As you may have read in my short biography (home page), I have had a long interest in the psychology of SCUBA diving. I have undertaken a couple of projects in this area and this is one of those. The work was part of my MSc in Psychological Research Methods, undertaken at the University of Plymouth, and sponsered by the Diving Diseases Research Centre (DDRC).
At the time I did not intend to write it up for publication in a peer review journal, but following some positive feedback from Academics, Specalist Diving Physicians and Researchers, and the Editor of a Journal, I grasped the thistle.
Below is the abstract from the article accepted for publication by ‘Diving and Hyperbaric Medicine‘, which is ‘The combined journal of the South Pacific Underwater Medicine Society’ and the ‘European Underwater and Baromedical Society’. The paper will be available in the next edition of the journal (October 2008). I hope you find it of interest and I look forward to discussing the work with anyone who wants to get in touch.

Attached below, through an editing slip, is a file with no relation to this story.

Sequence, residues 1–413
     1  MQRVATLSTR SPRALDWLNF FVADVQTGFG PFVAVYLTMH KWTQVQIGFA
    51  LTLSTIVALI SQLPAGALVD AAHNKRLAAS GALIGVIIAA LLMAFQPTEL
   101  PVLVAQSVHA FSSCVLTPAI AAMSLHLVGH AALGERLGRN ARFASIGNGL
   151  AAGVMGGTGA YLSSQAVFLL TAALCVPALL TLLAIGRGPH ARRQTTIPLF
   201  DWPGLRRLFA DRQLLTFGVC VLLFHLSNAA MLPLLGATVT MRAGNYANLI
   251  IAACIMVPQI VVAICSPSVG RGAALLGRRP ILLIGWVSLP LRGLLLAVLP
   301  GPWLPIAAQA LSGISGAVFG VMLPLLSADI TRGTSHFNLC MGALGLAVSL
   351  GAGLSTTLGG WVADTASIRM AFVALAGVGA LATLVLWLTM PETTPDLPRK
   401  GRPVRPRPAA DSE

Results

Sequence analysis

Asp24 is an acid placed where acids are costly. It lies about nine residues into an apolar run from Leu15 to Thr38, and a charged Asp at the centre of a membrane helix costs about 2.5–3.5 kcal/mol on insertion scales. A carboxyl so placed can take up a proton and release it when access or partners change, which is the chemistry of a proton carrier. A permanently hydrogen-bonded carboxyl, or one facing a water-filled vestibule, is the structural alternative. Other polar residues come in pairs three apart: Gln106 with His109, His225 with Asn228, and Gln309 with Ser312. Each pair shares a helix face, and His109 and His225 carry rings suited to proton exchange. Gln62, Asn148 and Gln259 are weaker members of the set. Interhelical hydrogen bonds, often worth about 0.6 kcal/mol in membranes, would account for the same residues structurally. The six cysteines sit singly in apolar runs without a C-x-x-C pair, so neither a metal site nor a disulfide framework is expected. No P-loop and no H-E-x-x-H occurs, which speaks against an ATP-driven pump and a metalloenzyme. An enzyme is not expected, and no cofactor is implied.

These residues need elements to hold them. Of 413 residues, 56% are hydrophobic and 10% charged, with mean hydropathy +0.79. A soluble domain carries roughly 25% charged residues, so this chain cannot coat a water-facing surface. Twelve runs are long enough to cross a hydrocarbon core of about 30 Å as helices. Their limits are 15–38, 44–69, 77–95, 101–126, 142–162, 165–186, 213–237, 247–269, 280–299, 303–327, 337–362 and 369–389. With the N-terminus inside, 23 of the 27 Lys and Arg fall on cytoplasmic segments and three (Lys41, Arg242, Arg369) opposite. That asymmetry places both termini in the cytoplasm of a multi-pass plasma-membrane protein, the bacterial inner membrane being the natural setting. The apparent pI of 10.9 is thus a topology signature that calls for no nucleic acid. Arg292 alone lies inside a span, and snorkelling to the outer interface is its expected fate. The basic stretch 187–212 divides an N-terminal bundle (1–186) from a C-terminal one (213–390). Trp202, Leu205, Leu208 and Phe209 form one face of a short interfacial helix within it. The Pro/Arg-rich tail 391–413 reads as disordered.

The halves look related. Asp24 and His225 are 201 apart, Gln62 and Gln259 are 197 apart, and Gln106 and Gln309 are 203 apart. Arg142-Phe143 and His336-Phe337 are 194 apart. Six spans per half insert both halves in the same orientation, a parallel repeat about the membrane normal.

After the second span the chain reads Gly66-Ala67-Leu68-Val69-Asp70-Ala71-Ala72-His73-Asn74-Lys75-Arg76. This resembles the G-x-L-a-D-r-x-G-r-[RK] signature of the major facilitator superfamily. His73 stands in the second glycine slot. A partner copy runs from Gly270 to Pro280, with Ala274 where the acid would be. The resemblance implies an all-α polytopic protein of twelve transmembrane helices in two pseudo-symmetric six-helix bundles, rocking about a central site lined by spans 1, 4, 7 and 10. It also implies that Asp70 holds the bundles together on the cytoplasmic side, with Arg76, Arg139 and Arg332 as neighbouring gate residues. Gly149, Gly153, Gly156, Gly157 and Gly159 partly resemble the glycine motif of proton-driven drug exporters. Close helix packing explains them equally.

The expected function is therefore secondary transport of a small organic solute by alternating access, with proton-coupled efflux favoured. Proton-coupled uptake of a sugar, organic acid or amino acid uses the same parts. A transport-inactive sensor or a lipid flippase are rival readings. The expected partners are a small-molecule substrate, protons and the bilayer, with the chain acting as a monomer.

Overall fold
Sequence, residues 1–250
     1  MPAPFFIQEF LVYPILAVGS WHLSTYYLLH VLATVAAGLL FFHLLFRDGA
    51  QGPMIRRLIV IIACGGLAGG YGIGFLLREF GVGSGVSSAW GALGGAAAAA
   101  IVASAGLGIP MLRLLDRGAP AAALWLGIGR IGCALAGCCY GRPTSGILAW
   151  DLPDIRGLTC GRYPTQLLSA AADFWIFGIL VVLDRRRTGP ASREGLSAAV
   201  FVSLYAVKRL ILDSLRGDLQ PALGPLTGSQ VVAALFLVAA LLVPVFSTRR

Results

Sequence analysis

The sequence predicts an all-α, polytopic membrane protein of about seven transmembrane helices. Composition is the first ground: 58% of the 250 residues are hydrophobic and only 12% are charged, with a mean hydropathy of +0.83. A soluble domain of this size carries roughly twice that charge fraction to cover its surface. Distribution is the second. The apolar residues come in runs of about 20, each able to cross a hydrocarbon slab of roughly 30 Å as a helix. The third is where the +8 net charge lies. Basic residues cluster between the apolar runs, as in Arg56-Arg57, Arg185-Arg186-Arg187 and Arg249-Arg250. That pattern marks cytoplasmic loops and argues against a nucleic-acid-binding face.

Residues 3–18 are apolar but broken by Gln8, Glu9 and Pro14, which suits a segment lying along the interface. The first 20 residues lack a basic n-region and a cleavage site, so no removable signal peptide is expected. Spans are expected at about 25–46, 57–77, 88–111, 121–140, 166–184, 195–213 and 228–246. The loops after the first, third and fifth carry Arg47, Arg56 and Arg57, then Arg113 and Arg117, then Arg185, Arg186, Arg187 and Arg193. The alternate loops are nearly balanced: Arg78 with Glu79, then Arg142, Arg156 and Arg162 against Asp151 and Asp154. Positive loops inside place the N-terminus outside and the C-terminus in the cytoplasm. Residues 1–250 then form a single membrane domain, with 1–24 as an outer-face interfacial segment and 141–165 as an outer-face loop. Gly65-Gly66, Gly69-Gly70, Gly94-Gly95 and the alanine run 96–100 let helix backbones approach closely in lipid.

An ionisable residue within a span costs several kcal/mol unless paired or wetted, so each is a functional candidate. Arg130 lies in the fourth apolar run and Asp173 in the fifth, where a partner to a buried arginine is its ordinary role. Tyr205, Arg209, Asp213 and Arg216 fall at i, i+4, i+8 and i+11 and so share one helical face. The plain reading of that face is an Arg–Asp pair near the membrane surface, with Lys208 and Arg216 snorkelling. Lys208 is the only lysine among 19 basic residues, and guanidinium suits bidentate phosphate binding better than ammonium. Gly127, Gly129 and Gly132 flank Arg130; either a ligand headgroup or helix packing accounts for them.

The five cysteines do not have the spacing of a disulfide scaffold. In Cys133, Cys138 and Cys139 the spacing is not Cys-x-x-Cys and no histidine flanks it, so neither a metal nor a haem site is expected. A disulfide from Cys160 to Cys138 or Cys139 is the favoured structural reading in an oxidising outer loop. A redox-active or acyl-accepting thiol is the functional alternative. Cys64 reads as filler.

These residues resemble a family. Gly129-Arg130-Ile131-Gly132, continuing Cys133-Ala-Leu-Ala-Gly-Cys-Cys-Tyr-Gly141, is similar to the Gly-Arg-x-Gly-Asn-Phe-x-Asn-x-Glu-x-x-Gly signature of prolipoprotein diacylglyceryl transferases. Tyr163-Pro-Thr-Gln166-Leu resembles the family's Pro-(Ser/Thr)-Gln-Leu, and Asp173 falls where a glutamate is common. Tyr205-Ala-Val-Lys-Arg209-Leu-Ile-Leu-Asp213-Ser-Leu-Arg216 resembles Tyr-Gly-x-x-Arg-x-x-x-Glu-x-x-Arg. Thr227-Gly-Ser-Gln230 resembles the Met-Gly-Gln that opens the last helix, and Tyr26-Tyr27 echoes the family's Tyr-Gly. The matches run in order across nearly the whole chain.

Personality as a predisposing factor for DCI: A pilot study
This study aimed to identify differences in personality characteristics related to Decompression Illness (DCI) in recreational SCUBA divers. A matched control group of 9 divers (without DCI) and research group of 9 divers (with DCI) were recruited. Following a chamber dive (control group), or post-treatment for DCI (research group), three psychometric scales; Locus of Control (LoC), Sensation Seeking Scale, and Eysenck’s Personality Questionnaire – Revised (EPQ-R) were administered together with a Diving History Questionnaire and questions on motoring. One significant difference was identified and lay between engine sizes, with those experiencing DCI having cars with larger engines (p < .01). The data were inconsistent with previous research that suggested a relationship between sensation seeking and risk taking. Further research is needed to elucidate the relationship between diving injury and personality.